Georadar reveals the unknown parts of the Sierra de Atapuerca caves

Georadar reveals the unknown parts of the Sierra de Atapuerca caves

The CENIEH has participated in a study led by Lucía Bermejo, in which this geophysical method was used to define the bottom part of the caves in the Trinchera del Ferrocarril sites
georadar Sierra de Atapuerca
GPR in Trinchera del Ferrocarril (Atapuerca). Credits: Miguel Ángel Martín

An international team of researchers from the Centro Nacional de Investigación sobre la Evolución Humana (CENIEH) and the University of Denver has managed to define the bottom part of the caves in the Trinchera del Ferrocarril sites (Cueva Peluda, Sima del Elefante, Galería and Gran Dolina), using georadar, revealing the unknown parts of these caves in the Sierra de Atapuerca (Burgos, Spain).

This non-invasive geophysical method, also known as ground penetrating radar (GPR), widely employed in archaeology because it is rapid and easy to apply, enables structures buried at different depths to be discovered. However, using it to study caves is usually discarded because the clayey sediments that fill them, being highly conductive, attenuate the radar signal, thus limiting its penetration capacity.

“Nevertheless, in our case this characteristic has served for studying the lower part of these caves, because we have been able to clearly distinguish the walls from the conduits, and from the sediments that fill them”, states Bermejo, lead author of this study, which was published recently in the journal Geomorphology.

It was possible to constrain the caves' depth by drilling two mechanical boreholes with core recovery, which have identified up to 17 meters of terrigenous fillings, such as in the case of the Galería site. Moreover, different types of sediments were discernible, thanks to which a possible conduit full of fluvial sediments was recorded, which would connect the lower level of Cueva Peluda with the lower part of Sima del Elefante.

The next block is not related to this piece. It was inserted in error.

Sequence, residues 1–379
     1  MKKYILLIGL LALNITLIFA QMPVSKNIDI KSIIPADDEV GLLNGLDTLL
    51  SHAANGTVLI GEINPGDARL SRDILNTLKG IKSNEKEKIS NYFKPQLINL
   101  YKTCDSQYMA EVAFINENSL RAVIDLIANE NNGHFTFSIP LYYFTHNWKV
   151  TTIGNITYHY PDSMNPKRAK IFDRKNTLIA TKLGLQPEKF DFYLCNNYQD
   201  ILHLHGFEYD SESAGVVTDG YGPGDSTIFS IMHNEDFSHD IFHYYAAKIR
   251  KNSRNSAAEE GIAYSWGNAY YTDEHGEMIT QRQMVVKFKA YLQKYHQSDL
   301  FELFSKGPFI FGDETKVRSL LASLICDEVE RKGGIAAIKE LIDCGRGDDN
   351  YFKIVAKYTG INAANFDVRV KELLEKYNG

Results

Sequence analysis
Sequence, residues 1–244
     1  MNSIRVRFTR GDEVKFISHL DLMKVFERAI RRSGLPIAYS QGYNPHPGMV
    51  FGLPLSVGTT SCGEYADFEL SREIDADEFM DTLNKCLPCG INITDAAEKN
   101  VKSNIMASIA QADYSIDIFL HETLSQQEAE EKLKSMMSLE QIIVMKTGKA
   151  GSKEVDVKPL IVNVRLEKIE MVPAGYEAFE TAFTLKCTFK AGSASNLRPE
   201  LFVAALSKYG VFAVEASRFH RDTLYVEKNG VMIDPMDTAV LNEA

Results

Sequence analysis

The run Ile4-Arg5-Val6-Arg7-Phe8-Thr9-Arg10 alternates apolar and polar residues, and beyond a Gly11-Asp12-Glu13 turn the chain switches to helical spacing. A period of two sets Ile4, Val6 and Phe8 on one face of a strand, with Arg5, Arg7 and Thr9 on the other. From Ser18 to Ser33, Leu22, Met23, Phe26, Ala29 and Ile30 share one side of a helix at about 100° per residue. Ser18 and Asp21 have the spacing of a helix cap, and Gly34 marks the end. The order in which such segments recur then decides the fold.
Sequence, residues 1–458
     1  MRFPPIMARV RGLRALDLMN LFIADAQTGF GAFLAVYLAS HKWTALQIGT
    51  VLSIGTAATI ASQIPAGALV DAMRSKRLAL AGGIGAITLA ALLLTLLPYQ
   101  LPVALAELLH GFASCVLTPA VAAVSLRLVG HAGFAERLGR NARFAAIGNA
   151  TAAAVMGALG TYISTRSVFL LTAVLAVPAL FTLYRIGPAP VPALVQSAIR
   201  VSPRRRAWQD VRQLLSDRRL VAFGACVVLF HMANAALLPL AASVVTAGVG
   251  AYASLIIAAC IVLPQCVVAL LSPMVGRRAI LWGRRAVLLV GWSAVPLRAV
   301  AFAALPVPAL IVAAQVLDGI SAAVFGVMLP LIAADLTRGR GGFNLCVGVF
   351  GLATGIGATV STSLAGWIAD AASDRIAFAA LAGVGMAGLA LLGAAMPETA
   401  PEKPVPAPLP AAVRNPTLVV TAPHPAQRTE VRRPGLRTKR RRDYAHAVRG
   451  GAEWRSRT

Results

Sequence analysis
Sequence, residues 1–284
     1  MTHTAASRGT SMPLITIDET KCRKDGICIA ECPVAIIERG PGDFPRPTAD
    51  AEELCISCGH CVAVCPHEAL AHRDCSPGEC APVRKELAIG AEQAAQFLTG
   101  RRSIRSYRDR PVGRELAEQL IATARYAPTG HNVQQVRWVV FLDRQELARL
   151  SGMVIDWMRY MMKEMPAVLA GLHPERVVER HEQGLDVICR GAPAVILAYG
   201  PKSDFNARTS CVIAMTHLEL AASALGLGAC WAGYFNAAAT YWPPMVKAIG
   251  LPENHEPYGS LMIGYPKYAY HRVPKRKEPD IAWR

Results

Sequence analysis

Trinchera del Ferrocarril caves (Atapuerca). Credits: L. Bermejo et al

Quarrying activity

On the other hand, the information provided by the georadar and historical photographs have made it possible to establish how far the impact of the quarrying activity that took place at the Trinchera until the 1970s extended.

This activity was especially intensive between Cueva del Compresor, situated opposite the Galería site, and Gran Dolina, and it produced rubble fills up to 4 meters thick in the areas most impacted.

“All these data will help to optimize strategies for future excavations, as in this study it has been possible to identify the best preserved zones”, concludes Bermejo.

Full bibliographic information

Bermejo, L., Ortega, A. I., Parés, J. M., Campaña, I., Bermúdez de Castro, J. M., Carbonell, E., & Conyers, L. B. (2020). Karst features interpretation using ground-penetrating radar: A case study from the Sierra de Atapuerca, Spain. Geomorphology (0), 107311. doi: 10.1016/j.geomorph.2020.107311
Press release from CENIEH

Subsurface imaging technology ground penetrating radar Australia Victoria graves

Lost graves identified by new archaeology methods

Lost graves identified by new archaeology methods

Archaeologists are using subsurface imaging technology to help community groups map unmarked graves